Of course, in ten years time it could have an industry-wide chilling effect much like the DMCA, however in the meantime that will not happen. That's not how you introduce creeping, malicious legislation, and the folks responsible for this know that, of course.
Seriously, though, I agree. A company should not make politics corollary to their brand name. If Google takes a stand on things by taking advantage of its vast user base, it will be disingenuous. A blog post is one thing. Plastering a message across their header on the home page is far different. Most Google messages are fairly innocuous, holiday themed graphics. There is a time and a place for political infrastructure, and it is not the same as for the corporate infrastructure. This is why SOPA is a problem in the first place - corporations and politics becoming intertwined in unproductive and abusive ways. You make a stand outside your brand, and you do it with integrity by not forcing it upon your user base. I agree with the theme that SOPA is bad, but I don't think it'd be good for Google to fight by putting it on their webpage.
Mozilla, I can see. Yahoo! I can't. Reddit, I can see. Google, again, I can't. Different kinds of traffic, different amounts, and different audiences.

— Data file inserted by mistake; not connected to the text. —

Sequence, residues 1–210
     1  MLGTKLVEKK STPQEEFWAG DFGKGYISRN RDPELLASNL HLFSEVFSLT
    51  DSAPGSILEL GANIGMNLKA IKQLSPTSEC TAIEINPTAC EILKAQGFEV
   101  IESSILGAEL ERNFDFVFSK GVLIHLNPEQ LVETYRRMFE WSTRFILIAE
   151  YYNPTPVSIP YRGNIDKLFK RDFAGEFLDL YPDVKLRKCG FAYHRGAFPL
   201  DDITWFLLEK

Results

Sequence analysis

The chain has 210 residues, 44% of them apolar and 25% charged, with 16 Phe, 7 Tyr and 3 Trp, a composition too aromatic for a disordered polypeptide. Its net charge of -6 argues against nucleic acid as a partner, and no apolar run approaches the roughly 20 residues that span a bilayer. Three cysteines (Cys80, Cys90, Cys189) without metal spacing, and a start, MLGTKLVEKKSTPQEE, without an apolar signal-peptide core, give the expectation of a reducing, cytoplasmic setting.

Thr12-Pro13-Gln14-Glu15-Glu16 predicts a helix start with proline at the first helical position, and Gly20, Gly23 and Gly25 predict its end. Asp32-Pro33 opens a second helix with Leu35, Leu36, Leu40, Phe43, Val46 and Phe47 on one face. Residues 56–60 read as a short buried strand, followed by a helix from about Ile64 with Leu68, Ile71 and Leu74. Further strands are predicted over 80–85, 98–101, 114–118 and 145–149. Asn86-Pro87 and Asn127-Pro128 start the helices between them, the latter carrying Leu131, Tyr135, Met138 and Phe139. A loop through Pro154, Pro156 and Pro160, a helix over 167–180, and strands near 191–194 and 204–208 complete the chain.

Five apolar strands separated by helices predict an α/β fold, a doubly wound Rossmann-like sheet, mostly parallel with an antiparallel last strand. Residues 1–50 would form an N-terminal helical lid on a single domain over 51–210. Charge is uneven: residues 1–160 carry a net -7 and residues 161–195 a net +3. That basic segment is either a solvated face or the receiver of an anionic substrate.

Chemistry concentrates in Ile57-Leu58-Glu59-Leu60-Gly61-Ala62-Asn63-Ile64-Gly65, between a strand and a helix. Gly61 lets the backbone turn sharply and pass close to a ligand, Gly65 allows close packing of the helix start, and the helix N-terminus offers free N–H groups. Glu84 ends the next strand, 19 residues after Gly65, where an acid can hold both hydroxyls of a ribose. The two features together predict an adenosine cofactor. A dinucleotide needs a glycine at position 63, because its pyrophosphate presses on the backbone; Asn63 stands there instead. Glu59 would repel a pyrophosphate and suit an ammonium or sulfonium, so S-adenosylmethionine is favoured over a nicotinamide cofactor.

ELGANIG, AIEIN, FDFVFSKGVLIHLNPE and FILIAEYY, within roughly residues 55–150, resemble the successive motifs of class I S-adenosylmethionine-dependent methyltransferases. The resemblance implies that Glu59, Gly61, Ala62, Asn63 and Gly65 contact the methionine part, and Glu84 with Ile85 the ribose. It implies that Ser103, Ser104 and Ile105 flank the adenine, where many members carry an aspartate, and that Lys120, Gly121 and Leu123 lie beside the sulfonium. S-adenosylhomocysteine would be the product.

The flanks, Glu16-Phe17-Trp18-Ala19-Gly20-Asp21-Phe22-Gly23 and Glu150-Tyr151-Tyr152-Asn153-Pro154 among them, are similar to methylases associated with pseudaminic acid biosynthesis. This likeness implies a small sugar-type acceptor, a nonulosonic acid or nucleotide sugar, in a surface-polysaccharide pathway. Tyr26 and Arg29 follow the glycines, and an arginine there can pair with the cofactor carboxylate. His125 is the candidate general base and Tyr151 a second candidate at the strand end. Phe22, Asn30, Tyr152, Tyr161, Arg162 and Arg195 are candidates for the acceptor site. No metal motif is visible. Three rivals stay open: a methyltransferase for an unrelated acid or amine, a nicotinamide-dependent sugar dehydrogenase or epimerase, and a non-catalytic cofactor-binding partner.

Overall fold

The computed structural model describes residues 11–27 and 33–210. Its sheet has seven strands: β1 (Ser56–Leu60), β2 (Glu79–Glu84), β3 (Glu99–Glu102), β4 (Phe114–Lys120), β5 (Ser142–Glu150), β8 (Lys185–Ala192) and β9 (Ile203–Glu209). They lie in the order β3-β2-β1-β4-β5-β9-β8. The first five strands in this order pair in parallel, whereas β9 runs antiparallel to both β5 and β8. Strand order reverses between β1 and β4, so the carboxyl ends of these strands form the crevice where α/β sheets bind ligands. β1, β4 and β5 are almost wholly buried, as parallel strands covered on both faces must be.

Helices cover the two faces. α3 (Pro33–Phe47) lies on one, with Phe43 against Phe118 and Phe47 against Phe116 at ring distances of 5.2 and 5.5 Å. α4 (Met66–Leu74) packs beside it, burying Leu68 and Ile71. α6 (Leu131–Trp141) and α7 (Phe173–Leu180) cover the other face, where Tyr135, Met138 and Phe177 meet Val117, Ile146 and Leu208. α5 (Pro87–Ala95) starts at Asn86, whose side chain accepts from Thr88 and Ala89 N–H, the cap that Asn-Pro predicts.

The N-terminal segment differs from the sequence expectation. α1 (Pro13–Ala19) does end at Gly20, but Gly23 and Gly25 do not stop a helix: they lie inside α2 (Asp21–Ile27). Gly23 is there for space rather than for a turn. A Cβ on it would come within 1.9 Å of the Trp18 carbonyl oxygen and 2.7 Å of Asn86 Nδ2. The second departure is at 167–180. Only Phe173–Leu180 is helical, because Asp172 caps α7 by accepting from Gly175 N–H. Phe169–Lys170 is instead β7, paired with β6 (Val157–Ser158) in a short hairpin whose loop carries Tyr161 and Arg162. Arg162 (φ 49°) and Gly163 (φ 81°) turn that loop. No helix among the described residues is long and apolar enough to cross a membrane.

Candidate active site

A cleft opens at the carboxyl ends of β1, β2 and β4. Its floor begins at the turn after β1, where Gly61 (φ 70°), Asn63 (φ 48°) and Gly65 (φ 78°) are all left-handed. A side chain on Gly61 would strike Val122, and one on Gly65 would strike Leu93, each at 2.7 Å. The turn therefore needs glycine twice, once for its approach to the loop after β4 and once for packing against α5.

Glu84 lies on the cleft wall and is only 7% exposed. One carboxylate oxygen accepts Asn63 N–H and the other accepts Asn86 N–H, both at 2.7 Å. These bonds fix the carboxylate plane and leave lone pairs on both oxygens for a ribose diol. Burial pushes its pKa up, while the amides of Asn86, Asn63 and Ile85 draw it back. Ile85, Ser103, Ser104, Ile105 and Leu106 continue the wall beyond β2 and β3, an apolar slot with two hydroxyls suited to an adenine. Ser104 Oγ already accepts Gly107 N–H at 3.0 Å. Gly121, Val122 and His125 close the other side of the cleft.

Am I reading the bill in an overly alarmist way? It sounded to me like SOPA would make YouTube basically impossible to run.
I have a two year old son. He loves Thomas The Tank Engine. And he loves Youtube and will frequently ask for "Thomas on the laptop". Most of the Thomas related videos on Youtube are actually re-enactments using the toy trains rather than copies of the TV show. There's apparently a whole community around this - with movies ranging from shaky clips of a kid playing to elaborate productions trying (though usually failing badly) to get close to the production values of the original series.
Some of them use snippets of the music from the TV show - how much is too much? Some use music I can't place - copyrighted or not? I can't tell. Some of them re-use dialogue. Some use text from the books. Others have invented their entirely own stories (but might still run afoul of copyright because they use the characters). Some has as their only similarly that they use the train sets as props.
The question is, how many of these would a court find infringing? (how many should they find infringing in a reasonable world?).
The end result is that to protect themselves legally, they'll need to reject everything that even has the appearance of being infringing.
This will likely throw out a massive amount of non-infringing content as well as a lot of stuff that is in a grey area legally but that the public will find ridiculous that they have to block. Vetting it will be far too hard
Of course, this latter part is perhaps the biggest light at the end of the tunnel: The chilling effect on speech are so strong and so far overreaching due to the lack of legal safeguards, that I can't imagine SCOTUS not throwing out substantial parts of this law.
The DNS blocking is only available to federal law enforcement; a private complaint can't pull DNS under any circumstance.
2. It is available to federal law enforcement.
May be I'm just being cynical, but there seems to be an obvious way around fact 1. using fact 2.
money == power; gov officials seem to be willing to go to ANY length, given enough Shift+444